1. Andy 97

        Re: But..

        You should write to your MP about encryption.

        I wrote to mine, the response was truly depressing.

        1. Anonymous Coward
          Anonymous Coward

          Re: But..

          I wrote to mine, the response was truly depressing.

          I do not even need to write to mine. Hint - I live in a town where an MP does not get (re)elected if he is not at the exact opposite to May/Rudd.

          The previous two were a thorn in the side of Blair, Brown, Cameron and May. The current one is similarly not voting with his party and defying the party whip on anything that even remotely looks like another case of "swallowing Stalin".

          Unfortunately, as you noted, the truly depressing majority in the house of Commons is not far off from May/Rudd on that. This is not even "party lines" - it is "university towns vs the rest of the country".

  2. Lysenko

    It also entrenches the principle that the Russian legal system isn't competent. ...[snip]....

    Why? Because western courts acknowledge the difference between choosing not to do something and not being able to do something.

    Have you read the relevant legislation? I thought not. This ruling makes perfect sense (which doesn't mean I approve of it) because the legislation imposes fines *for being unable* to provide the requested data. The protocols, encryption mechanisms and other characteristics of Telegram operation are entirely under Telegram control so if they choose to implement and operate something that renders them unable to comply with the law then that is their problem.

    A UK court would make exactly the same ruling under these circumstances. You cannot use a force majeure defence if the force in question is entirely of your own making. Telegram have a defence in the case of secret chats (peer to peer) conducted via software released prior to this legislation, but they have no defence for continuing to allow encrypted communication via their central servers. They have had ample time since the legislation was enacted to switch to fully plaintext messaging with perpetual logging.

    That's as far a this court is supposed to go. The Judiciary are not there to set policy or amend Legislation, they are there to rule on the law as it stands. There may well be a conflict between the legislation and the constitution, but that is a question for the Constitutional Court not the District Court.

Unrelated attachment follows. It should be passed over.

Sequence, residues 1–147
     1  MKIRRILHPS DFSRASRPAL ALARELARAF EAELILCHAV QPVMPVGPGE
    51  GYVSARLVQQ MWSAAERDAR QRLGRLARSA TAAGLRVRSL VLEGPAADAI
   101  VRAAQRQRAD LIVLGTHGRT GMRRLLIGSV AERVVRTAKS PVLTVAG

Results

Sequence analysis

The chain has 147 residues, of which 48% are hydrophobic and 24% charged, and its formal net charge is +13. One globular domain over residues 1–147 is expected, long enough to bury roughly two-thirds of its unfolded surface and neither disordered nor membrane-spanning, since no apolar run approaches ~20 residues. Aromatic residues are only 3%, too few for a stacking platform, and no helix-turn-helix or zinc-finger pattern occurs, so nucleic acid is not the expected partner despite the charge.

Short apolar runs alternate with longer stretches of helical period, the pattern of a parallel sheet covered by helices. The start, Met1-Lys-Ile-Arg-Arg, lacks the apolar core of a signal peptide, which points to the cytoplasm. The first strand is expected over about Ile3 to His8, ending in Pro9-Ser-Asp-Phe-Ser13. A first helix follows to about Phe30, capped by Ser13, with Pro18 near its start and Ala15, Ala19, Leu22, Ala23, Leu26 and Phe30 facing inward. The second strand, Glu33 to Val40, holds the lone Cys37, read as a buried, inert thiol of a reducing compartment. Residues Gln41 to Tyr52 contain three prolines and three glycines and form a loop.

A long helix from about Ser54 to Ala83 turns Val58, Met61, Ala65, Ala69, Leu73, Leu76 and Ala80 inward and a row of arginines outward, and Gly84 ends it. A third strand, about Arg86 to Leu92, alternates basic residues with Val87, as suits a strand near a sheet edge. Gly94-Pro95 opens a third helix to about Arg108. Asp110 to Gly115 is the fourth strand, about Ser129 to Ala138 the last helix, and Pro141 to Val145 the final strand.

3. Mark 85 Silver badge

    There's a large rabbit hole out there that governments are finally leaping into. They all seem to want a backdoor to encryption except for their own (the government's) equipment. Without a concerted effort (and a united one by ALL countries) to shut down the criminals who would attack and grab data, it won't work. As yet, many governments haven't put in the effort to crack down and punish the hackers.

    I won't even go there as far as country to country hacking (say Russian to US) as that's even a bigger mess since much is government sponsored. Same for such things as NSA wanting a backdoor here in the States.

    1. Andy 97

      The concerted "global effort" to stop the illegal drugs trade didn't appear very successful.

      Your country has very draconian punishment for those convicted of production, supply and financial service.

      What would the US do differently to stop cracking?

  4. Bob Dole (tm)
    FAIL

    Sounds like..

    Sounds like Russian courts are actually doing exactly what they are supposed to.

    I have to admit that I am somewhat saddened to find that recent Russian activities make far more sense than those in my own country. Who would have ever thought that Putin would seem like a thoughtful and moderate voice in the world when compared to a US President?

  5. Anonymous Coward
    Anonymous Coward

    "He indicated his intention to appeal"

    And if there is any chance of succeeding, the FSB will "initiate an operation aimed at preserving their law enforcement powers", by removing his ability to walk in to the court room...

  6. Anonymous Coward
    Anonymous Coward

    Pavel Durov make a PR only

    Before Pavel Durov wrote about Russia: "We don't care if specific countries press charges against us for defending the privacy of our users. We are always ready to cut all our personal and business links to such places so that they don't have any leverage on us."

    But yesterday, Pavel Durov did not send lawyers to the court, then he accepted Russian jurisdiction and said that he was going to contest this judgment. Only yesterday Durov STARTED TO FIND a lawyers. So he didn't have lawyers at the past. Thus he lead the Telegram development in St.Petersburg (Russia) without any sound judicial advises.

    The point of the July request from KGB was to give information on 6 phone numbers, by Russian laws. And while Pavel Durov was the CEO at VK.com, he executed such requests and did not say that they violate the Constitution of Russia.

    Also Pavel Durov sued senior tech lead for $ 1.7 million for disclosure of Telegram job title on Facebook. And today Durov's representatives did not come to this court hearing too. So, Durov deals only with PR, he does not care about freedom of speech, privacy or real security. Maybe he wants to sell the project.

    https://theoutline.com/post/2348/what-isn-t-telegram-saying-about-its-connections-to-the-kremlin

  7. nerdif

    A token fine, to lull onlookers into believing there is no collusion between the two